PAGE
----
Everyone needs to get themselves and keep themselves in shape physically. You’ll feel better, look better and have more energy and confidence to perform at your highest levels.
As in all business, unfortunately, some fitness trends, tips, services and products do not deliver on helping you execute your fitness goals on a consistent basis. Jessica Crandall, a registered dietician and certified fitness instructor in Denver, CO, has put together a list of some trends, tips, services and products to either flat out avoid or be leery about:
- Aqua Spinning – Submerging a bike into water to get the benefits of both water resistance and spinning sounds pretty great, right? The problem…this is a site specific, complicated workout that’s almost impossible to do outside of a class and/or outside unless you have a pool and the equipment required to “keep” the bike submerged in water.
- YouTube Training – Who’s to say that the person training you on YouTube is credentialed, has references and/or even knows what she/he is doing. Is this person “fake news” when it comes to fitness?
- Infomercial Fitness – You’ve seen the TV and magazine ads…a completely buffed, tanned, “abed” and muscled up dreamboat standing next to or working some fitness product saying that “This could be YOU!” Chances are that dreamboat doesn’t even use the product and it’s taken said dreamboat years of grueling exercise and diet to get that way.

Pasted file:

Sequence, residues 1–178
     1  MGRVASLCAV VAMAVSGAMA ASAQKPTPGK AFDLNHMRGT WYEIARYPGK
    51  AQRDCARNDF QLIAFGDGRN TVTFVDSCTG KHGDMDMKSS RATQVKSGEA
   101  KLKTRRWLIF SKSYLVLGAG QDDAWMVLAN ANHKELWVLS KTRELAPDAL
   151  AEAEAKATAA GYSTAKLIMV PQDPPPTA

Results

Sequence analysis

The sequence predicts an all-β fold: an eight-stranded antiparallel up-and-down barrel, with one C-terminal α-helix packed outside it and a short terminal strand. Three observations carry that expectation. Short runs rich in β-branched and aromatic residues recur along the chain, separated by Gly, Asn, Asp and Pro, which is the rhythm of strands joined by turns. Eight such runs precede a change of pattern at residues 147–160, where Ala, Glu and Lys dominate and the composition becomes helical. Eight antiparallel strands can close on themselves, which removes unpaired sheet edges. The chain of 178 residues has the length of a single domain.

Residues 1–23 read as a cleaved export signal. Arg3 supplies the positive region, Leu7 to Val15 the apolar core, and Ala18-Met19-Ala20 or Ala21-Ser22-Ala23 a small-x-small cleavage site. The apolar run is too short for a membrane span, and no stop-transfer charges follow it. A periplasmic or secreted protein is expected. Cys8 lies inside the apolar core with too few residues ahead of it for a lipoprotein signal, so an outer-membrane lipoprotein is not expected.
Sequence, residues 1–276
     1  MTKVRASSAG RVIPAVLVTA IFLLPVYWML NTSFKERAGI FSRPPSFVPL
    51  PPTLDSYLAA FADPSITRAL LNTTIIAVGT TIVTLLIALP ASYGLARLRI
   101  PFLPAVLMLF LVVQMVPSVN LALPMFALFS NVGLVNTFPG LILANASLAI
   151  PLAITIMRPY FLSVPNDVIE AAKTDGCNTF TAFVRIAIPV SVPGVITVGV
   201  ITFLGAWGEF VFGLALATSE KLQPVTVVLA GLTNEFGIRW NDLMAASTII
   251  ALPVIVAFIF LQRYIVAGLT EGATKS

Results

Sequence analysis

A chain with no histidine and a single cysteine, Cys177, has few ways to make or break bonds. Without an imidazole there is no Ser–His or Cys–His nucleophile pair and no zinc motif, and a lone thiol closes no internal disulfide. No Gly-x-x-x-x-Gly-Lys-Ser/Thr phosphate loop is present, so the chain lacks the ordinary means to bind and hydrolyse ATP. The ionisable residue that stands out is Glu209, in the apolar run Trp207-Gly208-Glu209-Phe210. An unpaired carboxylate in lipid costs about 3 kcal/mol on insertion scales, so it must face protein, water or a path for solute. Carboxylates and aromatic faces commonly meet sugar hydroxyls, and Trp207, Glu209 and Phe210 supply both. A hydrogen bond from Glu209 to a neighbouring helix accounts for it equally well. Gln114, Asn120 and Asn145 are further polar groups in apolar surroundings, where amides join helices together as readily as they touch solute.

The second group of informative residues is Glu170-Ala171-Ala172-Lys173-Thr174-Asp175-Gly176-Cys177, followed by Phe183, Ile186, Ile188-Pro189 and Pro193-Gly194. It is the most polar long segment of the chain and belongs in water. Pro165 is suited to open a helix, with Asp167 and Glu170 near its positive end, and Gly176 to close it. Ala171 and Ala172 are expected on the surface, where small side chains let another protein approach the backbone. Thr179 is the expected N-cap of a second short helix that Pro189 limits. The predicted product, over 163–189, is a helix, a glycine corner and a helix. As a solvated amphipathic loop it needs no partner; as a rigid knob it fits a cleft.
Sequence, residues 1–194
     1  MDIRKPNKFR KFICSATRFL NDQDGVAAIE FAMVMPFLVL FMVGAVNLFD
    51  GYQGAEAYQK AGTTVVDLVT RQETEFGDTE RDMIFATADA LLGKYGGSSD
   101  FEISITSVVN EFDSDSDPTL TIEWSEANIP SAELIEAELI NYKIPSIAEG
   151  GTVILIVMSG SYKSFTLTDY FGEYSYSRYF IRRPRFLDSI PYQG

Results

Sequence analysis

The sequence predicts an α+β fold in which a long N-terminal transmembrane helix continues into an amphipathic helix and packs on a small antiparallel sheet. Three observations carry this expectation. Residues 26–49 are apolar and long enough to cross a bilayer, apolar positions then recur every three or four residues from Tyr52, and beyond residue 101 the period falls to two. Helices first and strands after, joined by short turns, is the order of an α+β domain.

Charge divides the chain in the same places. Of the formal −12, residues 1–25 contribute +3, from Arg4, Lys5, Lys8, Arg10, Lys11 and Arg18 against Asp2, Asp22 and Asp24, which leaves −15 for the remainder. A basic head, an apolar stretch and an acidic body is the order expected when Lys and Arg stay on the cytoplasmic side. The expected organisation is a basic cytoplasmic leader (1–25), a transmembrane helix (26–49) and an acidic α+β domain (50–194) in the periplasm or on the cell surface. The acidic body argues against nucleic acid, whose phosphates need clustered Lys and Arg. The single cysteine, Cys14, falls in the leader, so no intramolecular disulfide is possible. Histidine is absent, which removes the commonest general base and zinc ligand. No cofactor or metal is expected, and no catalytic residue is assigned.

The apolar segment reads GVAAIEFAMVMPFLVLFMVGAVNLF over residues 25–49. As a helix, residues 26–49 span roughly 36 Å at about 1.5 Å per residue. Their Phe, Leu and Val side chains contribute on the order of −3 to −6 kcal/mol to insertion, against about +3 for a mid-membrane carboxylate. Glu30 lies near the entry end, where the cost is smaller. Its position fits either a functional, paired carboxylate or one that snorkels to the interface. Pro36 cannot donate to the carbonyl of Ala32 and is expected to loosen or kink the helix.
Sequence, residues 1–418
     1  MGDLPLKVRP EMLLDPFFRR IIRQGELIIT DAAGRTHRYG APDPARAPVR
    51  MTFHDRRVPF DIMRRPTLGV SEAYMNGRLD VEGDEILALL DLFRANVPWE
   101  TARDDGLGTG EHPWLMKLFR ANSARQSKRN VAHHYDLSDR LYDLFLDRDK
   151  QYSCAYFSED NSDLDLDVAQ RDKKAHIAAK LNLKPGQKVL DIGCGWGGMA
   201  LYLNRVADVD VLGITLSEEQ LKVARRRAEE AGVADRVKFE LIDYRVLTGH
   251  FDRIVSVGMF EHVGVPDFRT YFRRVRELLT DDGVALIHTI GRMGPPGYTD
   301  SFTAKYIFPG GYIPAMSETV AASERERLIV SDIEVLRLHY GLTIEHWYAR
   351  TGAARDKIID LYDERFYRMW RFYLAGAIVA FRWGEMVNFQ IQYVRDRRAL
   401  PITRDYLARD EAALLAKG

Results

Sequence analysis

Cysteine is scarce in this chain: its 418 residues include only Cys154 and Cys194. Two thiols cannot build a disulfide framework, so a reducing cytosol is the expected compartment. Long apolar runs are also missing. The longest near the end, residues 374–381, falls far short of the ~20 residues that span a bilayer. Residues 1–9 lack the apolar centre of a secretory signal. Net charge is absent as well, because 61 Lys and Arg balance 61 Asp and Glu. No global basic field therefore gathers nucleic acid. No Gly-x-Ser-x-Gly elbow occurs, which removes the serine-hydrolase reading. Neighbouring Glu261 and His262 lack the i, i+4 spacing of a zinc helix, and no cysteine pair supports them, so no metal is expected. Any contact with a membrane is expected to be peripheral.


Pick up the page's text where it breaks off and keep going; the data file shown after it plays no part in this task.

- Cardio Bunnies – It turns out that high intensity interval training (30 – 60 second repeated spurts of high output levels in running, spinning, swimming, etc.) is more beneficial and easier to tolerate than longer, slower exercise programs.
- Two A Days – Two A Day workouts are simply too risky when it comes to injuries. Bodies, and minds, need appropriate rest to avoid injury and to allow muscles to repair.
- Superheavy Weight Lifting – It might sound great to say that you can lift 100 lbs. overhead but, in reality, it makes no sense unless you’re planning on participating in some weight lifting competition. The risk of injury is simply too great. Additionally, functional fitness training better supports how a body actually moves in real life.
- Excessive, Unscientific Gear – Fitness trackers, shoes that ‘tone’ your calves, belly wraps that reduce your waist, but have no science to back them up. Just say No!
- Anything You’re Doing For the Wrong Reasons – Peer pressure, a bet with your sister, outlandish promises, etc. may sound like good reasons to begin a fitness or diet program. The problem is that those reasons aren’t enough to keep you committed to a fitness or diet program for the long haul.
Choose a fitness program based upon what you like to do after clearing it with your doctor. If you like to run, run. If you like to swim or cycle, swim or cycle. Whatever activity you choose, make sure it’s accessible and that it’s easy to stick with. And, if/when you decide to work with a trainer to help you set up and achieve your goals, choose a trainer who is credentialed, certified, experienced and who develops a fitness program that is specific to your needs and goals.